University at Buffalo - The State University of New York
Skip to Content
From sperm to offspring: Assessing the heritable genetic consequences of paternal smoking and potential public health impacts. - PubMed - NCBI
Format

Send to

Choose Destination
See comment in PubMed Commons below
Mutat Res. 2017 Jul;773:26-50. doi: 10.1016/j.mrrev.2017.04.001. Epub 2017 Apr 12.

From sperm to offspring: Assessing the heritable genetic consequences of paternal smoking and potential public health impacts.

Author information

1
Carleton University, Ottawa, Ontario K1S 5B6, Canada; Environmental Health Science and Research Bureau, Healthy Environments and Consumer Safety Branch, Health Canada, Ottawa, Ontario K1A 0K9, Canada.
2
Environmental Health Science and Research Bureau, Healthy Environments and Consumer Safety Branch, Health Canada, Ottawa, Ontario K1A 0K9, Canada.
3
Environmental Health Science and Research Bureau, Healthy Environments and Consumer Safety Branch, Health Canada, Ottawa, Ontario K1A 0K9, Canada. Electronic address: francesco.marchetti@canada.ca.

Abstract

Individuals who smoke generally do so with the knowledge of potential consequences to their own health. What is rarely considered are the effects of smoking on their future children. The objective of this work was to review the scientific literature on the effects of paternal smoking on sperm and assess the consequences to offspring. A literature search identified over 200 studies with relevant data in humans and animal models. The available data were reviewed to assess the weight of evidence that tobacco smoke is a human germ cell mutagen and estimate effect sizes. These results were used to model the potential increase in genetic disease burden in offspring caused by paternal smoking, with specific focus on aneuploid syndromes and intellectual disability, and the socioeconomic impacts of such an effect. The review revealed strong evidence that tobacco smoking is associated with impaired male fertility, and increases in DNA damage, aneuploidies, and mutations in sperm. Studies support that these effects are heritable and adversely impact the offspring. Our model estimates that, with even a modest 25% increase in sperm mutation frequency caused by smoke-exposure, for each generation across the global population there will be millions of smoking-induced de novo mutations transmitted from fathers to offspring. Furthermore, paternal smoking is estimated to contribute to 1.3 million extra cases of aneuploid pregnancies per generation. Thus, the available evidence makes a compelling case that tobacco smoke is a human germ cell mutagen with serious public health and socio-economic implications. Increased public education should be encouraged to promote abstinence from smoking, well in advance of reproduction, to minimize the transmission of harmful mutations to the next-generation.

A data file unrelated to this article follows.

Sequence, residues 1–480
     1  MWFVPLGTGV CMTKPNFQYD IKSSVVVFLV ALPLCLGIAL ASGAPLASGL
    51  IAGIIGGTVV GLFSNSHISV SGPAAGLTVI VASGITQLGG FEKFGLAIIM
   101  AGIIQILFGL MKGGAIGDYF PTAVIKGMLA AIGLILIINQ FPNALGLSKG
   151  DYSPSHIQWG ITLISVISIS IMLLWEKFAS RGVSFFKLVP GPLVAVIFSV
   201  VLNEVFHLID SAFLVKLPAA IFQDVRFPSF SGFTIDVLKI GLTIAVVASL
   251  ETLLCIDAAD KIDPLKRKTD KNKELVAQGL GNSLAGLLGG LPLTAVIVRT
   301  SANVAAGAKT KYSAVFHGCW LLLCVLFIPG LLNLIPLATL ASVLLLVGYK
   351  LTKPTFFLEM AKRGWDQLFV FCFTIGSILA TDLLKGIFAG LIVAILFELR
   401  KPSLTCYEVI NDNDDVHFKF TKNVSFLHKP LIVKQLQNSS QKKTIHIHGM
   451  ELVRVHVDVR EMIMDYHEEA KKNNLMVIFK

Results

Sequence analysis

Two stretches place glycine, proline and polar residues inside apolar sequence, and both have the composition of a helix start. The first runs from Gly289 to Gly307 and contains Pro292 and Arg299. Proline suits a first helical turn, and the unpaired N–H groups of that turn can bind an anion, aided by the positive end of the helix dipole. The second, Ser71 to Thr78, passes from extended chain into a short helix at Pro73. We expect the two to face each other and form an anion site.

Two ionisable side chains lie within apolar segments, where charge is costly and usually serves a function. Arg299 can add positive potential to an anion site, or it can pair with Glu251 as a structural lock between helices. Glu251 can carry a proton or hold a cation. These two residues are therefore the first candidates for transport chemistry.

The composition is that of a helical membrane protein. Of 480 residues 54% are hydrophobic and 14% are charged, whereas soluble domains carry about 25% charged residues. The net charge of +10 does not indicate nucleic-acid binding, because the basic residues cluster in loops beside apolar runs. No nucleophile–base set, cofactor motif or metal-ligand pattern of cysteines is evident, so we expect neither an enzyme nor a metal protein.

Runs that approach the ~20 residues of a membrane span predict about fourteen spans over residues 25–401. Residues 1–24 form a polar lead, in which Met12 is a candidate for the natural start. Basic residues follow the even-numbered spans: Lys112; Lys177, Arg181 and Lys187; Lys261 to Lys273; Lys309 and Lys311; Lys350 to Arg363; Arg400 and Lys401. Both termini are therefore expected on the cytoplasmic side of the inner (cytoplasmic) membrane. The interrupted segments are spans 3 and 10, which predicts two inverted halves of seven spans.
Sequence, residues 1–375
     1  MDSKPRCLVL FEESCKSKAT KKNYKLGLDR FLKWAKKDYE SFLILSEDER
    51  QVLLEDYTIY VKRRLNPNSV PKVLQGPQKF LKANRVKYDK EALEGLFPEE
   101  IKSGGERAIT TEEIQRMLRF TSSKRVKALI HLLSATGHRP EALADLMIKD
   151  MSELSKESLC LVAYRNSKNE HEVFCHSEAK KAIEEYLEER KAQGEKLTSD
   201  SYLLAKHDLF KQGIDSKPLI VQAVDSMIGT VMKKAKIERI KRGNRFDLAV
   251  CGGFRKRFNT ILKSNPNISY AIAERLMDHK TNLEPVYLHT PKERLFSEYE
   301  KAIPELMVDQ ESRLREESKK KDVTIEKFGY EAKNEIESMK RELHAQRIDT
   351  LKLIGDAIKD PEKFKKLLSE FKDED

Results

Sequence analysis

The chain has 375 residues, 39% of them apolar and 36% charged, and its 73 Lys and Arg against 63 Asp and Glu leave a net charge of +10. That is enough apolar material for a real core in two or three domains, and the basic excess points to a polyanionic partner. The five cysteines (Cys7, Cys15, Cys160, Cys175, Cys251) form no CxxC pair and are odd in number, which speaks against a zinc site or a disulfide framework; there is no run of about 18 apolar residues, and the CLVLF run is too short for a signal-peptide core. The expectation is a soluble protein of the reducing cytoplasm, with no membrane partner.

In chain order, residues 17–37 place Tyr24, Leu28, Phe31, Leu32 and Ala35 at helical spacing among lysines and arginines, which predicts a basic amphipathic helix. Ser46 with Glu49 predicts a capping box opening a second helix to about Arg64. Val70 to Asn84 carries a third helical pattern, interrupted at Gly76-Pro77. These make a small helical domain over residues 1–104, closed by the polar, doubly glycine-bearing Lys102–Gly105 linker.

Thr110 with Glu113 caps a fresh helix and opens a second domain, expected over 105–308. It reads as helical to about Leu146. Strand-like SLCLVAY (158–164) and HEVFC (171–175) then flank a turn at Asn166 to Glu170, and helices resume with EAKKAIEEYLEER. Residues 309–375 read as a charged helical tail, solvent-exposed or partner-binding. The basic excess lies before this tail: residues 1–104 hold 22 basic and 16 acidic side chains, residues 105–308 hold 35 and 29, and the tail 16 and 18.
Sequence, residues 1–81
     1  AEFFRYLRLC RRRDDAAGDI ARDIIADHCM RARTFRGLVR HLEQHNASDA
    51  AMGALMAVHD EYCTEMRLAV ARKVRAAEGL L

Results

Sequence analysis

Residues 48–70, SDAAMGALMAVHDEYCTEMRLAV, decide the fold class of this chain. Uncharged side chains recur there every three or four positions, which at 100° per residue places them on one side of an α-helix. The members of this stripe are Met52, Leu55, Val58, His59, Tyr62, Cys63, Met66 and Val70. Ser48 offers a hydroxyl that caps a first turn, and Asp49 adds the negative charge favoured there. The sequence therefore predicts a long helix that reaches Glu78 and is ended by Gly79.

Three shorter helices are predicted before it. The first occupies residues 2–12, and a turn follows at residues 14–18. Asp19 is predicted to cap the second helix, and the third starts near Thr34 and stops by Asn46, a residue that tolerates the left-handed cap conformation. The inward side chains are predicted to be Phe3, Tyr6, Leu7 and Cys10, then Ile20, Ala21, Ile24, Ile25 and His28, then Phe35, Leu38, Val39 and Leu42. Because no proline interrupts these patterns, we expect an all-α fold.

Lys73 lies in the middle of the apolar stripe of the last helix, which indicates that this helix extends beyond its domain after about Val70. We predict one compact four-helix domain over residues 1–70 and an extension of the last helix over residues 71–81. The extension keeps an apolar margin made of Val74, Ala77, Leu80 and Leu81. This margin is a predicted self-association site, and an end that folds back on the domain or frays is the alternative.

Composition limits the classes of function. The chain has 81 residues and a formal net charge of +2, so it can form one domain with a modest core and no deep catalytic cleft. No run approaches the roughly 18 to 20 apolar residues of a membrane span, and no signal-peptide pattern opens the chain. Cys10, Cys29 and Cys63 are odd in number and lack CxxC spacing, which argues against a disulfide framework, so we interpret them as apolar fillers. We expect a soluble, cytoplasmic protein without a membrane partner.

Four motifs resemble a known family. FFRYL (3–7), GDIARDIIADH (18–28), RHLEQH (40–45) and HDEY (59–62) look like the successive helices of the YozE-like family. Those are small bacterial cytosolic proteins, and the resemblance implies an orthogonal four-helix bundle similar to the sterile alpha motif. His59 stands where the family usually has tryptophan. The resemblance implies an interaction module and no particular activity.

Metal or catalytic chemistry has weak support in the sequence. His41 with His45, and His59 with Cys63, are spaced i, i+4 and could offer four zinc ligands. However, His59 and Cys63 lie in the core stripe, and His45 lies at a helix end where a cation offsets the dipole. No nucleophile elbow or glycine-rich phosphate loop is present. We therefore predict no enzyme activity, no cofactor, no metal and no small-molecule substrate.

KEYWORDS:

Aneuploidy; Cigarette; Intellectual disability; Sperm; Tobacco; de novo mutation

PMID:
28927533
DOI:
10.1016/j.mrrev.2017.04.001
[Indexed for MEDLINE]
Free full text
PubMed Commons home

PubMed Commons

0 comments
How to join PubMed Commons

    Supplemental Content

    Full text links

    Icon for Elsevier Science
    Loading ...
    Support Center